- Influencing Others and Interpersonal Skills – The dexterity to effectively communicate and personally affect others’ actions, decisions, opinions, or thinking while building rapport and relating well to various stakeholders. All ROM initiatives are a group effort; thus advocating for one’s professional recommendations and expertise is always part of building respectful relationships across the institution.
- Resiliency – The capacity to quickly recover from challenging or adverse situations, learn, grow, and evolve in contemporary society. The art of working across a large organization engaged in dynamic work in the museum sector to guide collaboration with diverse individuals and groups of stakeholders. Embracing positive momentum while maintaining institutional objectives to drive organizational and sectoral evolution.
- Teamwork and Personal Accountability – The ability to cooperate with others to meet objectives while being answerable for personal actions. ROM is a collaborative environment where individuals must work across departments with their counterparts and be responsible for advancing a variety of initiatives.
- Time and Project Management – The acuity to prioritize and complete tasks in order to deliver desired outcomes within planned budgets and time frames. Being adept at working on multiple projects simultaneously and demonstrating a long-term commitment to delivering results on time and within available resources.
The successful candidate will have advanced studies in Indigenous art history or a closely related field. Professional experience in a cultural center, museum, or related environment is an asset, as is a research and publication record specialization in some aspect of Indigenous art and cultures A deep understanding, education, and/or practical experience in understanding of the complexities and societal pressures involved in collections and exhibitions is required. It is required that the successful candidate have an excellent command of both spoken and written English and a working knowledge of an Indigenous language is an asset. Qualified applicants may have lived experience of the culture, language, and lifeways of an Indigenous community that bring new perspectives to the position and to ROM.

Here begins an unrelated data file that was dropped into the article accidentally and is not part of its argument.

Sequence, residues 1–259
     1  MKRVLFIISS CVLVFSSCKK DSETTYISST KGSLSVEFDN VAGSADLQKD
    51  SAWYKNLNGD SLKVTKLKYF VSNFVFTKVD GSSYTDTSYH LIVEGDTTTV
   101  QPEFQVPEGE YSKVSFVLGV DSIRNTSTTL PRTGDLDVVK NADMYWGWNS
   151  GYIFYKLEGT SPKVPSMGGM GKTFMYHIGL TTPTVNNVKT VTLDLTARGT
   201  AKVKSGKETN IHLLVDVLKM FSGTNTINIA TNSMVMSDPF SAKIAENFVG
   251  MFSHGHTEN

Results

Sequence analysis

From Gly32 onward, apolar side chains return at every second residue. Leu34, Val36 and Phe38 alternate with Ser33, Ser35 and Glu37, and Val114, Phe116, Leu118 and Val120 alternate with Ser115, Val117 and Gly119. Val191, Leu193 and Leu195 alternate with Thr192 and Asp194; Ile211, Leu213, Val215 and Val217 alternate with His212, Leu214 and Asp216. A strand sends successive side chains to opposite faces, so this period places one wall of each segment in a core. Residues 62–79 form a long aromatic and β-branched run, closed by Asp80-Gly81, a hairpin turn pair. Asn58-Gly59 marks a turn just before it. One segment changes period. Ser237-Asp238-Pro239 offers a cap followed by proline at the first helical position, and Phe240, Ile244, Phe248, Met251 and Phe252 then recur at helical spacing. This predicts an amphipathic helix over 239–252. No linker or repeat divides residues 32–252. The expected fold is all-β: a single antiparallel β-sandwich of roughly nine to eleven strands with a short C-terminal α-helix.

The Hatch Curator of Indigenous Art and Cultures search is part of an Indigenous Cohort Hiring initiative that seeks to demonstrate ROM’s commitment to having Indigenous staff throughout the organization whenever possible and to ensuring that Indigenous employees find a welcoming environment and a supportive community.
Compensation and Benefits
ROM offers a competitive salary and comprehensive benefits package, including a base salary estimated to be in a range between $87,664 and $146,234 (CAN), dependent on experience, with full medical and dental insurance, a total of 22 days of pro-rated paid time off, and inclusion in the ROM pension plan (via CAAT). This position is part of the ROM Curatorial Association union.
Applications and Inquiries
To submit a cover letter and resume with a summary of demonstrable accomplishments (electronic submissions preferred), please click here or visit artsconsulting.com/employment. For questions or general inquiries about this job opportunity, please contact:
Menon Dwarka, Senior Vice President
Wyona Lynch-McWhite, Senior Vice President
2 Toronto Street, Suite 217
Toronto, Ontario M5C 2B5
Tel (888) 234.4236 Ext. 206 (Mr. Dwarka) or Ext. 225 (Ms. Lynch-McWhite)
Royal Ontario Museum acknowledges that this museum sits on the ancestral lands of the Wendat, the Haudenosaunee Confederacy, and the Anishinaabek Nation, which includes the Mississaugas of the Credit First Nation, since time immemorial to today.
ROM is committed to fair and accessible employment practices and considers equity, diversity, and inclusivity to be foundational to its institutional success. ROM seeks to foster a workplace that reflects the full breadth of the communities it serves and welcomes applications from women, racialized persons, Indigenous/Aboriginal People of North America, LGBTQ2S+, and people with disabilities. Upon request, suitable accommodations are available under the Accessibility for Ontarians with Disability Act (AODA) to applicants invited to an interview.